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Scientists “reprogrammed” old skin cells to function as young ones

When you hear about revolutionary new techniques that can reverse the aging process of skin cells, it’s usually an ad and it’s usually bullshit. I’m sorry to tell you this, but there’s no serum that can actually overpower the natural laws of time and gravity. There is, however, a new scientific technique that can make skin cells younger — and the potential applications are anything but superficial.

This revolutionary new research, which was published last week in the journal ELife Sciences, utilized the scientific methods used to create stem cells to effectively turn back the clock on skin cells in a lab. In case you aren’t up on your rejuvenative biological history, a scientist named Yamaka discovered how to make cells into stem cells, cells that are capable of becoming any kind of cell, in 2007.

The Yamaka process essentially erases cellular identity in order to make a stem cell. For this research, scientists used the Yamaka process for a shorter period of time than it takes to create stem cells in order to make human skin cells younger without erasing their identity as skin cells. Although you might assume that this science is intended to make us all look younger and hotter, the implications are far more wide-reaching because the cells don’t just look younger, they also function like younger cells.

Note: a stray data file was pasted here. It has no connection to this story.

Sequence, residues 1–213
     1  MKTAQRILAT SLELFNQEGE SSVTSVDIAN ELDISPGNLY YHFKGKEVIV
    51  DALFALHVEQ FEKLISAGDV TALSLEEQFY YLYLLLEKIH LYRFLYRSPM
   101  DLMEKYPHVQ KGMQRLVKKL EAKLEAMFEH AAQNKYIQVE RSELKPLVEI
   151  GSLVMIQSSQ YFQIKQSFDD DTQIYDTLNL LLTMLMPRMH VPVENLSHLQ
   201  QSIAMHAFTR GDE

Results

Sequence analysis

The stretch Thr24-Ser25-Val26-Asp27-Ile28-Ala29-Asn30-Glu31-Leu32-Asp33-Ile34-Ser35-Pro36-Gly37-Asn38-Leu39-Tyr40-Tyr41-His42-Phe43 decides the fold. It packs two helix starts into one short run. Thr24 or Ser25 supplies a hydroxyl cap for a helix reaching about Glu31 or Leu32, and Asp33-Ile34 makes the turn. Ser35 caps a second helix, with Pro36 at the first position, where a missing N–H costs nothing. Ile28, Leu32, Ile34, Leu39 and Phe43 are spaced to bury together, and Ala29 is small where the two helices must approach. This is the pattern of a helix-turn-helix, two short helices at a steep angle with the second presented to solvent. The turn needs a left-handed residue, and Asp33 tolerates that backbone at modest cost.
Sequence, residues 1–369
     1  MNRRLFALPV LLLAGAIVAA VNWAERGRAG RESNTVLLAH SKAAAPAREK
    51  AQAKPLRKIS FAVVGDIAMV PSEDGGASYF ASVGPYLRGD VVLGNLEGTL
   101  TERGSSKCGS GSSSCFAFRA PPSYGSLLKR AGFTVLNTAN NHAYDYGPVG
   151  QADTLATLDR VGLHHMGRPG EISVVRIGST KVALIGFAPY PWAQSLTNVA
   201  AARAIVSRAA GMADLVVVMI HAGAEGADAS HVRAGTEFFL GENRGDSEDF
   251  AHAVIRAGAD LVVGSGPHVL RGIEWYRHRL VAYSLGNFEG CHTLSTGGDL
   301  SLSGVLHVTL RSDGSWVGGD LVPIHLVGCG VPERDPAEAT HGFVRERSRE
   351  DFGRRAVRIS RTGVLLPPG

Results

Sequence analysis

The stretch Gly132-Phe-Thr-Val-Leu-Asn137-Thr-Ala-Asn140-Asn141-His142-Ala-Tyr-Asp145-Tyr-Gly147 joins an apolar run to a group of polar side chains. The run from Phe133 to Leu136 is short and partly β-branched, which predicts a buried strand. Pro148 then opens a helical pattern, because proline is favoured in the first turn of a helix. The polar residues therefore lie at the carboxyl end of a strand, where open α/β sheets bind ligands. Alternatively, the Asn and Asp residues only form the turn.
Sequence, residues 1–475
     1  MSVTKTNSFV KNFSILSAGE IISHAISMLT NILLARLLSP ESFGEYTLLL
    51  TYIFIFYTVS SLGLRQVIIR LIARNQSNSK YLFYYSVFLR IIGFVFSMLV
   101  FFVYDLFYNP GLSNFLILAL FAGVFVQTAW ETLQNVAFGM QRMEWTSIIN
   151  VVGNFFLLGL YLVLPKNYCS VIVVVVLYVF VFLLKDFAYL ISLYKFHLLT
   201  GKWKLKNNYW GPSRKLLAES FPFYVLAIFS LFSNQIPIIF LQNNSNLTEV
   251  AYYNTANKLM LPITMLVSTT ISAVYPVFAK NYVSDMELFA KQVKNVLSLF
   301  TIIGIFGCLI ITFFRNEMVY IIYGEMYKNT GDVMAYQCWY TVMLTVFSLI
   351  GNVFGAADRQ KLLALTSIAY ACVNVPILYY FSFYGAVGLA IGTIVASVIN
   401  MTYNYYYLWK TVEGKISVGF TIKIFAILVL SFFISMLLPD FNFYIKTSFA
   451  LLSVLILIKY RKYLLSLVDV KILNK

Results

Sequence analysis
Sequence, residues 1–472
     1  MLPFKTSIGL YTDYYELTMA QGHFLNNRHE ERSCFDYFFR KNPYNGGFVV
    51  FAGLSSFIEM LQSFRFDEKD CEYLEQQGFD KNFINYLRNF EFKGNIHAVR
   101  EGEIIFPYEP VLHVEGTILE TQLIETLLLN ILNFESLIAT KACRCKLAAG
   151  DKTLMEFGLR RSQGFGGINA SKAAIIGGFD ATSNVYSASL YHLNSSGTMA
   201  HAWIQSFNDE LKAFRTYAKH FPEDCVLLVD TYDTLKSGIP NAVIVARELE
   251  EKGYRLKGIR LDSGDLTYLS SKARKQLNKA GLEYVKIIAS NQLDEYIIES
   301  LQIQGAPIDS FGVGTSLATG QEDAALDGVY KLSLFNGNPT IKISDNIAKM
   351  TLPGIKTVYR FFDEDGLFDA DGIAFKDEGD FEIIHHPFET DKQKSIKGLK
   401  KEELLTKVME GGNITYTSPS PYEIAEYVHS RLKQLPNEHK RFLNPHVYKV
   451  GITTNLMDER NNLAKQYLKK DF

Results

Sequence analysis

And unlike stem cells, rejuvenated cells retain their specialized functions, EurekAlert reported. For example, fibroblasts are a kind of skin cell that produces collagen. That process slows down as cells age, but rejuvenated fibroblasts were able to make collagen — which helps heal wounds in the skin — at the speed of a much younger cell. In simple terms, rejuvenated fibroblasts responded to cuts quicker than unrejuvenated cells in a lab, which makes scientists hopeful that this research can be used to help speed up the healing process.

“Our results represent a big step forward in our understanding of cell reprogramming. We have proved that cells can be rejuvenated without losing their function and that rejuvenation looks to restore some function to old cells. The fact that we also saw a reverse of ageing indicators in genes associated with diseases is particularly promising for the future of this work,” Diljeet Gill, a scientist at Cambridge University who was part of the research team, told EurekAlert.

Reversing the aging process of skin cells may help scientists prevent some diseases. Not only that, but because the rejuvenated cells behaved like younger cells in all of their functions, they may also be used to help wounds heal faster. And if this technique can be replicated on different kinds of human cells, it could have massive implications for human health. “This approach holds promise for valuable discoveries that could open up an amazing therapeutic horizon,” Wolf Reik, an epigeneticists at Altos Labs Cambridge Institute and co-author of the study, told EurekAlert.